The research process has three basic steps: preparation, performance, and reporting. If we use database management software or spread sheets, we add a fourth: data entry. In the popular mindset, Steps 2 and 4 get all the hype. News flash, everyone! It is those neglected Steps 1 and 3 that determine our success long-term.
In a soundly executed project, a block of research begins when we have defined an objective—not when we have a few spare minutes to spend surfing the web. Every block of research will begin with a document, a problem, an hypothesis, or some combination of these. For example:
- We have found, in published government documents, a 1769 petition from Anson County, North Carolina—a precursor to the unrest that spawned the Revolutionary War. We wonder whether the signer John Watts is (as some allege) the same John Watts who signed the 1789 constitution of the new state of Georgia.
- Or, we have noticed numerous published references to an African-American freed slave of the Early Federal period named Marie Louise Mariotte, about whom the authors seem to know little. We would like to identify her and determine how she navigated her life as a freed woman of color in a slave regime.
- Or we’ve been asked to conduct a historical site investigation and are given a body of local lore as a beginning point for recreating the history of that site.
How do we begin our project? Do we jump online and Google for “John Watts,” or “Marie Louise Mariotte,” or “Yucca Plantation”? If so, what do we do with our findings? Do we then download images and articles, enter cherry-picked details into a database, and thank Clio that we have wonderful tools to organize and preserve our discoveries? If so, we are information-gatherers and we are information-processors, but we are not yet researchers. Worse, our long-term results are likely to be unproved conclusions drawn from random findings.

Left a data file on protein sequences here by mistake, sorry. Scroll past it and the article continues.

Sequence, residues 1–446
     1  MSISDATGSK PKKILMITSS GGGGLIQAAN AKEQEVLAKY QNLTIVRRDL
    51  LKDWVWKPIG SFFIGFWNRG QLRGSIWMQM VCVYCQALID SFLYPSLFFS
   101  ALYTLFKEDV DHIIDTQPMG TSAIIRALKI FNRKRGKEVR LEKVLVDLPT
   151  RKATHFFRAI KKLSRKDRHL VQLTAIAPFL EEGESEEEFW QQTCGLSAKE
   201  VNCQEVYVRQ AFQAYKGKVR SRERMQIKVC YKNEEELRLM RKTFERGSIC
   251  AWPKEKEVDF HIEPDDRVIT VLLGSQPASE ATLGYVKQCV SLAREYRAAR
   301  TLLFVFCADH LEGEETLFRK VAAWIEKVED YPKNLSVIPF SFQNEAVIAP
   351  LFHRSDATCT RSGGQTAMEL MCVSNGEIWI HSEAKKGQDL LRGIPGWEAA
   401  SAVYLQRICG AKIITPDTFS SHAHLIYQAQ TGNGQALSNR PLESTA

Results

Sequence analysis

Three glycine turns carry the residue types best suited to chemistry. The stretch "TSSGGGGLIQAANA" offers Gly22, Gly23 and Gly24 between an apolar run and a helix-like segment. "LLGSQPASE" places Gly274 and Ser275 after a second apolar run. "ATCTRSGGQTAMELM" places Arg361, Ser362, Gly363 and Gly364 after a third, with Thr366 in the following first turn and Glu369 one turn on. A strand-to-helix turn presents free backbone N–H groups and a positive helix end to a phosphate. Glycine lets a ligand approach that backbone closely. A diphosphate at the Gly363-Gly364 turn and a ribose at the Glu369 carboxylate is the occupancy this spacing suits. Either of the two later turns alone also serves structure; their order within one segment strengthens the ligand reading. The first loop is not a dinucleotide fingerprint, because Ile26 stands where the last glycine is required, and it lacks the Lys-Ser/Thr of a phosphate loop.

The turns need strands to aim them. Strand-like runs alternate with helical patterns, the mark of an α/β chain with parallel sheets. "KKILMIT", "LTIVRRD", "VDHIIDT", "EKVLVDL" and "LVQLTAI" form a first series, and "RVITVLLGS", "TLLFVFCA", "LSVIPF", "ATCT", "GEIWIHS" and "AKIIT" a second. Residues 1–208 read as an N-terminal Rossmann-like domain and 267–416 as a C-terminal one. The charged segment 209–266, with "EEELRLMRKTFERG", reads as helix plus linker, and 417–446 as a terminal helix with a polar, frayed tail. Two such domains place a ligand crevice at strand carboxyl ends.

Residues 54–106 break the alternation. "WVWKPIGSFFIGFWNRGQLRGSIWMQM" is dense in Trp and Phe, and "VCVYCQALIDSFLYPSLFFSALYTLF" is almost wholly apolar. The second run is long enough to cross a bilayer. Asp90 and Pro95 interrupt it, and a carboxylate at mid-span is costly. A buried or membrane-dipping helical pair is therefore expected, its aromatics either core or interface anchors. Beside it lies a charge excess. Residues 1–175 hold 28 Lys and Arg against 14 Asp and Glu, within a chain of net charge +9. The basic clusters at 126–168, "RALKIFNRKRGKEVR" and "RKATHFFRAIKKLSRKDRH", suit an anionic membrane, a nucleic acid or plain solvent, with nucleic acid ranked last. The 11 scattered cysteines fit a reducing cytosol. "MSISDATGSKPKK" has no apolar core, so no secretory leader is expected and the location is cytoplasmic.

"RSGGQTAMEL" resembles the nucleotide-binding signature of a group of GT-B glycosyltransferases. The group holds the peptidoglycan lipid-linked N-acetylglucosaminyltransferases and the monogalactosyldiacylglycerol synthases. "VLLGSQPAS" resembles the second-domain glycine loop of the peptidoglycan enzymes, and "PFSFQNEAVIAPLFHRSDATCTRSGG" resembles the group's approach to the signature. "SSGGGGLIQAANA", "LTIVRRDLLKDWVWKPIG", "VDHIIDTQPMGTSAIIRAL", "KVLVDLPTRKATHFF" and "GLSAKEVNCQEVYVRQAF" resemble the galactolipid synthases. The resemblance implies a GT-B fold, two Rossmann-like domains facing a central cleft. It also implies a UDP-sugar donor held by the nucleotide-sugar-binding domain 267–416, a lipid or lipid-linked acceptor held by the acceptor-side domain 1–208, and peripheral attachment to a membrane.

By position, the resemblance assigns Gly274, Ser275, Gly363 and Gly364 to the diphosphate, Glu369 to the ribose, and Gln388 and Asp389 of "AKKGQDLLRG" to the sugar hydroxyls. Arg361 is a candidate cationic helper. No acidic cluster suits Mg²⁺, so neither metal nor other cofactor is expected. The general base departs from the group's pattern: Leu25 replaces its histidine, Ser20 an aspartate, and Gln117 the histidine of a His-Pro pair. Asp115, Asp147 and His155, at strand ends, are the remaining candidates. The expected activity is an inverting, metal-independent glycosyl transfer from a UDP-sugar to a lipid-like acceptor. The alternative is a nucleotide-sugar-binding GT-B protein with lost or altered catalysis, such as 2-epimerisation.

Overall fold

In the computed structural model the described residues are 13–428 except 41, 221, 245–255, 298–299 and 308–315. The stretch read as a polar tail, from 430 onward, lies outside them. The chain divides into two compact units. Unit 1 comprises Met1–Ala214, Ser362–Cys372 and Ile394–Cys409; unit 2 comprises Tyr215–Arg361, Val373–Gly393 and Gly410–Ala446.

Successful research is a carefully planned, carefully targeted, and logically executed effort. It requires us to apply techniques and strategies that go considerably beyond looking for names, downloading images, and weaving disconnected threads from random records into some design. Let’s take a quick stroll through the stages of a thorough research effort to observe how each stage is executed.
Step 1: Preparation
Each new project—or each new effort within an ongoing project—should begin with (a) an analytical review of what we have; and (b) the development of a research plan.
The work-product we create in this stage is the first section of a research report. We create it in whatever word-processing software we are comfortable with. Ideally, we have a basic template at hand, one that is adaptable for each new project. Its format should see us through all three stages of this block of research.1
Here in the preparation stage, we create the first two elements of our research report.
- Project title (a unique description of the focus of this particular block of research—e.g.: "Yucca Plantation Lore: An Analysis" or "Marie Louise Mariotte of Colonial Natchitoches: The Raw Evidence," or "John Watts and Associates of Anson County, N.C.: An Extraction of All Courthouse Data"
- Identification of the problem or person-of-interest, with a summary of relevant data known to-date (one or two paragraphs typically suffice)
- Identification of associated individuals to be included in the search—including all spelling variants of their names
- A list of specific resources that should be used
- A discussion of strategies that should be applied